Industry celebrates tests showing omega 3 is contaminant-free

Omega-3 suppliers' leaders have hailed test results issued by, which showed 50 products containing fish oil to be contaminant-free, as a vindication of steps taken by the industry to clean up its act. said testing of the omega-3 fish oil supplements, foods and beverages found all to have safe levels of mercury, lead and PCBs.

Omega-3 fatty acids in the products ranged from only 16 mg to over 1,000mg per serving. But all contained their claimed amounts of EPA and DHA without signs of spoilage.

The Global Organization for EPA and DHA Omega-3s said's findings highlighted the success the organisation, and its predecessor the Omega-3 Working Group of the Council for Responsible Nutrition, had had in its efforts to improve quality in the industry.

"When the industry came together in 2001 to establish what is now the GOED Voluntary Monograph, their efforts and the widespread adoption of these minimum quality standards directly led to the success of these recent tests," said Adam Ismail, executive director of GOED.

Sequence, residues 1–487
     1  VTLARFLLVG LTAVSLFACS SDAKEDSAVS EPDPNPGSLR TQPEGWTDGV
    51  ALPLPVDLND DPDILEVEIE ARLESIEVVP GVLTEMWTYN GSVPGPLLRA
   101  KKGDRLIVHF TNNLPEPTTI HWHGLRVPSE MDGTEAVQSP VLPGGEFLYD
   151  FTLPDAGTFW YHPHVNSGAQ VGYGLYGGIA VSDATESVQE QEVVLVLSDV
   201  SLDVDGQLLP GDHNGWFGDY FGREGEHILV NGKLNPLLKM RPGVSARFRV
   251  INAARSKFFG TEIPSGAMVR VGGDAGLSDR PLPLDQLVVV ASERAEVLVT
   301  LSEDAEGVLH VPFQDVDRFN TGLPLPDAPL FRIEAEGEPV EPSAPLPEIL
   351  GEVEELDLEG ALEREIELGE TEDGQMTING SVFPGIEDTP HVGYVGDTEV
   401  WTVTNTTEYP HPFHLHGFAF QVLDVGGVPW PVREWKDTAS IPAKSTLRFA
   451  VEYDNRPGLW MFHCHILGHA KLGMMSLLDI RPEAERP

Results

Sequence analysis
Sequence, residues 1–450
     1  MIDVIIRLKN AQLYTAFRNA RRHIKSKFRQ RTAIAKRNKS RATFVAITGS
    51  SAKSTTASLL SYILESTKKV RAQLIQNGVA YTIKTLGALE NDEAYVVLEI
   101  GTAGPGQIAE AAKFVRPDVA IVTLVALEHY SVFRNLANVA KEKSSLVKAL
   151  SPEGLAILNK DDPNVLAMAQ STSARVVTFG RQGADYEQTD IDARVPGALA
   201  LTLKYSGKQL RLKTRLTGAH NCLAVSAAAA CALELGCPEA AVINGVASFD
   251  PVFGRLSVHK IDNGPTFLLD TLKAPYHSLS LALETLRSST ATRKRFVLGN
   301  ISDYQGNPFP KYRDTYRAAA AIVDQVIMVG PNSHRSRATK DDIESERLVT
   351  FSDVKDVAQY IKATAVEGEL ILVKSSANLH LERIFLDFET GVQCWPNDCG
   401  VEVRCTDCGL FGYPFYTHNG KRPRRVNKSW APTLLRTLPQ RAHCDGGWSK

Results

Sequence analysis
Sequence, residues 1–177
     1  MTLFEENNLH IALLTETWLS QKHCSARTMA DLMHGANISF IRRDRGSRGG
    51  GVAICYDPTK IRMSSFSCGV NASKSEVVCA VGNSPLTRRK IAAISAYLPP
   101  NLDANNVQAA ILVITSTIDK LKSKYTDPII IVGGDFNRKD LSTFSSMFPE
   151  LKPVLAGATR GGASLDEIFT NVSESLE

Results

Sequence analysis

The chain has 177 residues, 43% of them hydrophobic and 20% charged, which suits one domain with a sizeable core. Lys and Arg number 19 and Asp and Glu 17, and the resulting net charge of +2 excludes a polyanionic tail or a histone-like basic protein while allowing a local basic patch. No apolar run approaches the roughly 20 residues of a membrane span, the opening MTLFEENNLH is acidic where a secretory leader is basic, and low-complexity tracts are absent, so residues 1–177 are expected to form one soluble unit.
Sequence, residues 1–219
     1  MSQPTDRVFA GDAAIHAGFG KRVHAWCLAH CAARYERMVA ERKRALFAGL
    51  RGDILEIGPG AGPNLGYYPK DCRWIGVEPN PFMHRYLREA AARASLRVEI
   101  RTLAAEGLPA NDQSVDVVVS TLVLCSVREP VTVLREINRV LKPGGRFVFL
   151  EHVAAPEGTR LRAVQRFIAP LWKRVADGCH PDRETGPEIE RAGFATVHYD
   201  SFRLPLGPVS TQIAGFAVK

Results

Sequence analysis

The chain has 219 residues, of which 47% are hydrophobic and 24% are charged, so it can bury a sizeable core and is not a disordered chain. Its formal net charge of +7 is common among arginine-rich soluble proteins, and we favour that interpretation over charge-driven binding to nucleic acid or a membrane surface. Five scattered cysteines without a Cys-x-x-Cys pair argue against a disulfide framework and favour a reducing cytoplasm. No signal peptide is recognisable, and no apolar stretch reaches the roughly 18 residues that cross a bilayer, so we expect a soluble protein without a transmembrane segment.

Experts had attributed the positive results to advances in refining techniques such as the introduction of molecular distillation, activated carbon and other new processing steps into Omega 3 oil refining, he said, adding: "The industry's adoption of the Voluntary Monograph has encouraged the integration of these new technologies."

William Obermeyer,'s vice president of research, said contaminants were unlikely to be found in properly made fish oil products because: "The species of fish used to make oil supplements are typically smaller and not as likely to accumulate toxins, and the oils are distilled, which removes contaminants."

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